DC Teams GIFFEN & RANEY for New COSMIC NEW 52 Ongoing

 

It's a recipe that few fans would argue with:

Take the twisted humor of Larfleeze, add in Keith Giffen, then give the writer all the other DC space-based characters to play with.

DC has mixed all those ingredients to come up with Threshold, a new ongoing series that will debut in January. Written by Keith Giffen, the new comic will star DC's sci-fi heroes and villains, combining them with new characters and concepts —along with the writer's special brand of humor.

The concept behind Threshold will be introduced in Giffen's Green Lantern: New Guardians Annual #1 in January, then will spin into the new title.

When it launches, Threshold will feature two stories: A main story drawn by Tom Raney titled "The Hunted," then a back-up feature titled "Larfleeze."

"The Hunted" will incorporate space-based characters like the Omega Men, Blue Beetle, Star Hawkins, and a new Green Lantern named Jediah Caul. "Larfleeze," the back-up drawn by Scott Kolins, will allow Giffen to play around with the title character, one of the most popular Lanterns introduced in recent years.

Readers may remember that just prior to signing an exclusive with DC, Giffen launched a successful space-based event at Marvel called Annihilation, which revamped their space characters and spawned more than one ongoing series. Among those new series was Guardians of the Galaxy, a franchise whose treatment by Giffen is now inspiring a live action film.

With Threshold, DC seems ready to turn their attention to the type of sci-fi stories that made Giffen so popular at Marvel. And while they do it, they're also returning Giffen to the concepts he created in the Blue Beetle franchise.

Giffen is also currently working on He-Man and the Masters of the Universe, a title he took over with issue #2 after the series launched this past summer. And although he's recently been known for his writing, he's also returned to penciling over the last couple years, last year drawing the newly launched O.M.A.C. comic. Although O.M.A.C. is now canceled, Giffen has hinted to Newsarama that he'll be drawing something else for DC soon, although the project hasn't been announced.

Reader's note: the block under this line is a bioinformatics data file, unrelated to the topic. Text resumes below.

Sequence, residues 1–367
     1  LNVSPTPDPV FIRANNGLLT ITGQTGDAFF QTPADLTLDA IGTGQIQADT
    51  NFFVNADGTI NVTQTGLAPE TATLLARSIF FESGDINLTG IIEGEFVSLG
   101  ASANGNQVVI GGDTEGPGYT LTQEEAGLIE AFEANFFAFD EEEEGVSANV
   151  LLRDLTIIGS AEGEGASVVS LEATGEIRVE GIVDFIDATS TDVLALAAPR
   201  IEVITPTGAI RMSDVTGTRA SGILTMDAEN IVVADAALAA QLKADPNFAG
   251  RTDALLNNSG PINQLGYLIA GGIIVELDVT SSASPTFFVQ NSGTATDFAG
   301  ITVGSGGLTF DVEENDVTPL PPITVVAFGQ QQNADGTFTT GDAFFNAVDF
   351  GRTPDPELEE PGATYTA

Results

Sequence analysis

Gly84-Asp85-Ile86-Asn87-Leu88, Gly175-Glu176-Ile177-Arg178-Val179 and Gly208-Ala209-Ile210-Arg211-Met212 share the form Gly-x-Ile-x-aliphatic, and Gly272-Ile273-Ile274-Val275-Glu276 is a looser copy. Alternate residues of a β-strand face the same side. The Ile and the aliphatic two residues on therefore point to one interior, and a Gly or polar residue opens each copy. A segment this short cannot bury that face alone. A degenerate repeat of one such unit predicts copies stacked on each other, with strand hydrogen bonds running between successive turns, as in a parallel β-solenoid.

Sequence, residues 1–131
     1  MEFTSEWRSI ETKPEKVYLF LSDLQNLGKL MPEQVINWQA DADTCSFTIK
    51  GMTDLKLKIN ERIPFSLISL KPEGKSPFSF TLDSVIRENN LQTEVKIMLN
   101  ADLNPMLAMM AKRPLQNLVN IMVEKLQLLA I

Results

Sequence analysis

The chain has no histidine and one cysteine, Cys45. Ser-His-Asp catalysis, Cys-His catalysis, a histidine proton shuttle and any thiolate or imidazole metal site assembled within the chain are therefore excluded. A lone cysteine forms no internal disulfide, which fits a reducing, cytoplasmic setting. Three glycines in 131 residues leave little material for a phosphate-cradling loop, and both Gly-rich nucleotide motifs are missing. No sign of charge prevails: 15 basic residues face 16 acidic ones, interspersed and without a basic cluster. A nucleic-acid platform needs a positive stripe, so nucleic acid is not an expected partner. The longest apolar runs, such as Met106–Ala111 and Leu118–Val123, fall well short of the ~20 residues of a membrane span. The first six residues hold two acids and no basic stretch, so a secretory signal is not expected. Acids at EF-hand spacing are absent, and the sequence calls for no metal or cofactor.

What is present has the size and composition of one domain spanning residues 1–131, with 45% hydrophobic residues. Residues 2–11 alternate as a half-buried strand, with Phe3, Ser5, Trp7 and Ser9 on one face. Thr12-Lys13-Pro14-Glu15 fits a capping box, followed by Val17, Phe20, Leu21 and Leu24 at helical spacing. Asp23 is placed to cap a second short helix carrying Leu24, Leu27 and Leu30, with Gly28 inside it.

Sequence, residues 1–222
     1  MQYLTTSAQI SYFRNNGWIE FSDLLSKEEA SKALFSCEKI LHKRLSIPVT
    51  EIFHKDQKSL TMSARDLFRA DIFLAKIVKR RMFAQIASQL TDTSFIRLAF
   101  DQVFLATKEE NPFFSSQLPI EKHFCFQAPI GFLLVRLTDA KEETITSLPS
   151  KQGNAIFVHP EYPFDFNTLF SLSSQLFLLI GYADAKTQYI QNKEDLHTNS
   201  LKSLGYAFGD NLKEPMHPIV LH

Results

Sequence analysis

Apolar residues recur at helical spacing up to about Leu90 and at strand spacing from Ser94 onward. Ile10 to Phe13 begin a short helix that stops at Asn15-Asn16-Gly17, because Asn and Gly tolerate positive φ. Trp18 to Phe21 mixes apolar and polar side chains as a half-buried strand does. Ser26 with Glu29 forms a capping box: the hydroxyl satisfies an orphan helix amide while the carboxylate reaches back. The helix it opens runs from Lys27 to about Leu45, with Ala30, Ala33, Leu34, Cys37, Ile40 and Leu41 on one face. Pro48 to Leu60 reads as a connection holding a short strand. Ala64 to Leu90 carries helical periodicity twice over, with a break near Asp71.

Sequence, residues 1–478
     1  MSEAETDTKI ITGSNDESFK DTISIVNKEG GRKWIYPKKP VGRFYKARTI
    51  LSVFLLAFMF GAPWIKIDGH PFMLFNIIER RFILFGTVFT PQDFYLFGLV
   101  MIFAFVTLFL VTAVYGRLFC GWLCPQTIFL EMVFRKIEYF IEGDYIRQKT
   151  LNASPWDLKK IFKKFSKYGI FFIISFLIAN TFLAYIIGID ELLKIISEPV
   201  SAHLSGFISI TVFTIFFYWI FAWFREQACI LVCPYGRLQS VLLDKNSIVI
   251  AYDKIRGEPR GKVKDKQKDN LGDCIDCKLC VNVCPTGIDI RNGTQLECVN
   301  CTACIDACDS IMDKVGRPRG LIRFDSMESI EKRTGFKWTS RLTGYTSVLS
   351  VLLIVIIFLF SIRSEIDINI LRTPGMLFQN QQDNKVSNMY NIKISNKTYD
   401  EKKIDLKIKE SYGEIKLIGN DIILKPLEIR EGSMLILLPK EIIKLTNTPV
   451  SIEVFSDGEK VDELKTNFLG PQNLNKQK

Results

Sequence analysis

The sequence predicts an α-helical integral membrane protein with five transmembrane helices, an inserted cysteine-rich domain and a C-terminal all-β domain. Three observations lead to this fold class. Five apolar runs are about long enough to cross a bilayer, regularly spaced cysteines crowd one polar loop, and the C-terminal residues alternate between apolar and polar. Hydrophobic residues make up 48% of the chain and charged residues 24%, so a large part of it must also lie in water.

Newsarama talked with Giffen to find out more about Threshold and found out there's plenty of "rethinking" going on in the writer's new series.

Newsarama: Keith, you created a very successful sci-fi event for Marvel with Annihilation, which spawned some ongoing series and subsequent events. Is that your hope for this series? Are you approaching it the same way?

Keith Giffen: I'm approaching it with the same mindset that I approached Annihilation, in that I'm saying, "Look at the all these great characters out there, and nobody's doing anything interesting with them. Let's see how much we can shake things up and have fun with this."

Of course, instead of doing it with Marvel's space characters, now I've got the fantastic DC characters to work with, like the Omega Men, Star Hawkins, Blue Beetle, Space Ranger, the original Starfire and a whole lot more great characters to mess around with.

And people can look for appearances by almost any DC science fiction character.

Nrama: It's spinning out of Green Lantern: New Guardians Annual #1. How does it relate to the Green Lantern mythos?

Giffen: Our main character is a Green Lantern. Jediah Caul was a deep undercover Green Lantern operating out of the Tenedrian Dominion, until he got exposed. His back-story is told in the New Guardians Annual.

And I'll tell you right now, as Green Lanterns go, Jediah Caul makes Guy Gardner look like a really nice guy, an upstanding citizen.